Fossil hunting along the Sunset Highway

Mud is us!

If you spend much time squelching through Oregon’s soggy landscapes you might get the feeling that we have only recently squeezed from the primordial mud. And that might not be too far off, if you permit me to readjust your watch to count eons instead of minutes.

Less than a complete eon ago, just a mere 400 million years ago, during the Oligocene period Idaho had a lock on the best tropical beachfront property in the Northwest, but demand was a bit sluggish since only a few ungainly amphibians had actually waddled ashore to discover the benefits of terra firma. Instead the real action was in Oregon, which was covered by a subtropical sea and dotted with corral reefs. These warm waters were teaming with whimsical life forms. Jellyfish floated aimlessly in the waters, worms squirmed through the silted seabed, centipedes marched stoically across the muddy ocean floors and trilobites sporting fancy ribbed carapaces dominated the social scene for more than 350 million years. But as our emerging continent migrated slowly northwards cooling water temperatures would soon introduce new species like starfish, cuttlefish, bi-valve clams, horseshoe crabs, sharks and primitive vegetation on land.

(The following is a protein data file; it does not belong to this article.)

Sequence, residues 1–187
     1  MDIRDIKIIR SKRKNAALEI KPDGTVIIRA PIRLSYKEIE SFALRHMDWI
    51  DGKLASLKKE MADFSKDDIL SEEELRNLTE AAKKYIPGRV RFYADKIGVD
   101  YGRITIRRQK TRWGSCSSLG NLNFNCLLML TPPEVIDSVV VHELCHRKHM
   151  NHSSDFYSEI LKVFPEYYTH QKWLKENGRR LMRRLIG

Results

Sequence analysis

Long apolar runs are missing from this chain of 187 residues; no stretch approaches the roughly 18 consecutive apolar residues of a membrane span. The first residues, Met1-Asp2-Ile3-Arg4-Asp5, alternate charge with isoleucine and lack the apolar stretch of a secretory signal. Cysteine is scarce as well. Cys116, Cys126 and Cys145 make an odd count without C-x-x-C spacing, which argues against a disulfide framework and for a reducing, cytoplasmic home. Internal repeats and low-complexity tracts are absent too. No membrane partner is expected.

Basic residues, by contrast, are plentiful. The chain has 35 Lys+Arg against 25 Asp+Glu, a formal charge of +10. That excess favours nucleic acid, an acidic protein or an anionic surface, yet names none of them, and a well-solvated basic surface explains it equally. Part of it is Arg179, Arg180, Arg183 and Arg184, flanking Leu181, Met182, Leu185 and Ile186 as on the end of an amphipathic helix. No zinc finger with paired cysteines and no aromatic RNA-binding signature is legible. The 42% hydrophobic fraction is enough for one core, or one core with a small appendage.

In the meantime, the mud that I mentioned earlier was continuing to flow unabated into the shallow sea covering the eon’s worth of discarded trilobite carapaces, the remains of the myriad centipedes and the near infinite squiggly-wigglies that perished in that tepid bath that covered our present-day Oregon. Baked into the primordial muck for eternity these caked layers sank quietly into the earth’s crust. But here and there the stresses and jostling of the earth’s skin would force one of these long-buried layers to the surface to reveal a crowded catacomb of early protean life.

For those with the feet to discover these troves and the eyes to discern them, many of the North Coast mountains’ moss-covered outcroppings serve as remarkable windows into an antiquity beyond comprehension to most of us. The vicinities of the Sunset Highway are rich in paleontological evidence of this long-ago era in which mud itself was both the stimulus for life and the coffin to which it was confined once the shallow seas in Oregon dried to become the basis for our current muddy existence.

That said, my best find was not a crumbling mollusk, but rather an old report issued by the Oregon Department of Geology and Mineral Industries (DOGAMI) in 1957 and written by Margaret L. Steere. With that pragmatic certainty that characterized so our post-war years, Margaret begins her report with the incontrovertible assertion that “the Sunset Highway area…is famous for its abundant marine fossils of the Oligocene Age.” Why, of course, silly me for not immediately knowing that!